When managed as described above, the limb salvage rate for infants and children younger than 2 years is quite good, with a return to normal perfusion at a rate of 70–90%. The majority of those older than 2 years also have an an excellent limb salvage rate if vascular injury was an isolated event and there was no delay in the diagnosis. Associated injuries can be detrimental and the use of the mangled extremity severity score has a prognostic accuracy of over 90%. From the data available, the saphenous vein provides a stable conduit over time when used in a child’s extremity. Mortality is near zero in the case of isolated vascular injury but with associated injuries, in particular traumatic head injury, the results can be more devastating.

In conclusion, paediatric extremity vascular injuries are uncommon and the diagnosis can be challenging, especially in the very young. A high index of suspicion is warranted, especially when vascular monitoring or interventions have been required or the child has been injured. The ischaemic limb presents with the 5 Ps (pale, pulseless, painful, paralysed and paraesthetic), as in adults (Rutherford classification) but can be difficult for a young child to communicate. Diagnostic confirmation helps to determine the haemodynamic consequences (arterial Doppler study) and the location of injury (duplex, or more commonly CTA). Fortunately, for children older than 6 years and especially those younger than 2 years, systemic anticoagulation generally results in a salvaged limb. Children older than 6 years are treated more aggressively with vascular interventions. Limb salvage per se is common in the absence of associated injury or a delay in diagnosis. Mortality is a consequence of associated injuries.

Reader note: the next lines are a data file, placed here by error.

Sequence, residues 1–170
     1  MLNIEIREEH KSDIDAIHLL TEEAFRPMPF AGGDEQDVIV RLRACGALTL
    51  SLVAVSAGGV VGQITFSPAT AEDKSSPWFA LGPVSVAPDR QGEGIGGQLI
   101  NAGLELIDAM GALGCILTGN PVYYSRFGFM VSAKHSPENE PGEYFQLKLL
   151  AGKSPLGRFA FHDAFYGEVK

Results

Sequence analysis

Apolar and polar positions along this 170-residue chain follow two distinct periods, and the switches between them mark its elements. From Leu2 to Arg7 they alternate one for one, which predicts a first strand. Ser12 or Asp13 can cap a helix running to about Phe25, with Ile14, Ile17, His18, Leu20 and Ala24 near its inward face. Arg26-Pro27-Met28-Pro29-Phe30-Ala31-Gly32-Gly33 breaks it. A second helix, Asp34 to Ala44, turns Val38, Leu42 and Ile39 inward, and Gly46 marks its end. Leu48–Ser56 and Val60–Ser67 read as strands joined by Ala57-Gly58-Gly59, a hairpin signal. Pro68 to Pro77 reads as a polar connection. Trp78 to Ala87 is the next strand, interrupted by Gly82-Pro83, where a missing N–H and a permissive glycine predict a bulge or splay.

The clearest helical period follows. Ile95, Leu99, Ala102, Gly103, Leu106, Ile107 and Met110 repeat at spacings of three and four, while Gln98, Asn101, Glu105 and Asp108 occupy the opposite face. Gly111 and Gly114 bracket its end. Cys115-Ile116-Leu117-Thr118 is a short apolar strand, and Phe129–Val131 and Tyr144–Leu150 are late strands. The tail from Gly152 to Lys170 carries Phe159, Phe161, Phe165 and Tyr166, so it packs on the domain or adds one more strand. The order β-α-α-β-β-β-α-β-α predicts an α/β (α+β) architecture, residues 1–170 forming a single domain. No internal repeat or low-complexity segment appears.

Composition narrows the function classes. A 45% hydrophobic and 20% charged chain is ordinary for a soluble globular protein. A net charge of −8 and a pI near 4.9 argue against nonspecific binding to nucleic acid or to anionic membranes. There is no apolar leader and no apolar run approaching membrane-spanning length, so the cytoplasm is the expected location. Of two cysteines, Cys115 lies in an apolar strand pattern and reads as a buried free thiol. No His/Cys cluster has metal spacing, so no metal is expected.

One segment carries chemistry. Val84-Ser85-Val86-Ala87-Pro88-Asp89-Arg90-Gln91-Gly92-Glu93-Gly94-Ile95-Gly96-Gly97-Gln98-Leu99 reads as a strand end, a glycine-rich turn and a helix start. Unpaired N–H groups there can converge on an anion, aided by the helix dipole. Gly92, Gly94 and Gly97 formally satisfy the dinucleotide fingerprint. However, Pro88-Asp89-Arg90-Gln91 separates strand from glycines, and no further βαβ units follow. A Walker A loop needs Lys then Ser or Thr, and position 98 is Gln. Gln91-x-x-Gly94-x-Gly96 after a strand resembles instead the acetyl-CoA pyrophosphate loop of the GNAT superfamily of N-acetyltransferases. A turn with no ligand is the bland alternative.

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  2. Dalsing MC, Sohn ME, Cikrit DF, et al. Trends in Vascular Surgery 2007;chapter 21:215–229.
  3. Matos JM, Fajardo A, Dalsing MC, et al. J Vasc Surg 2012;55:1156–9.

Michael C Dalsing is at Indiana University Health, Indianapolis, USA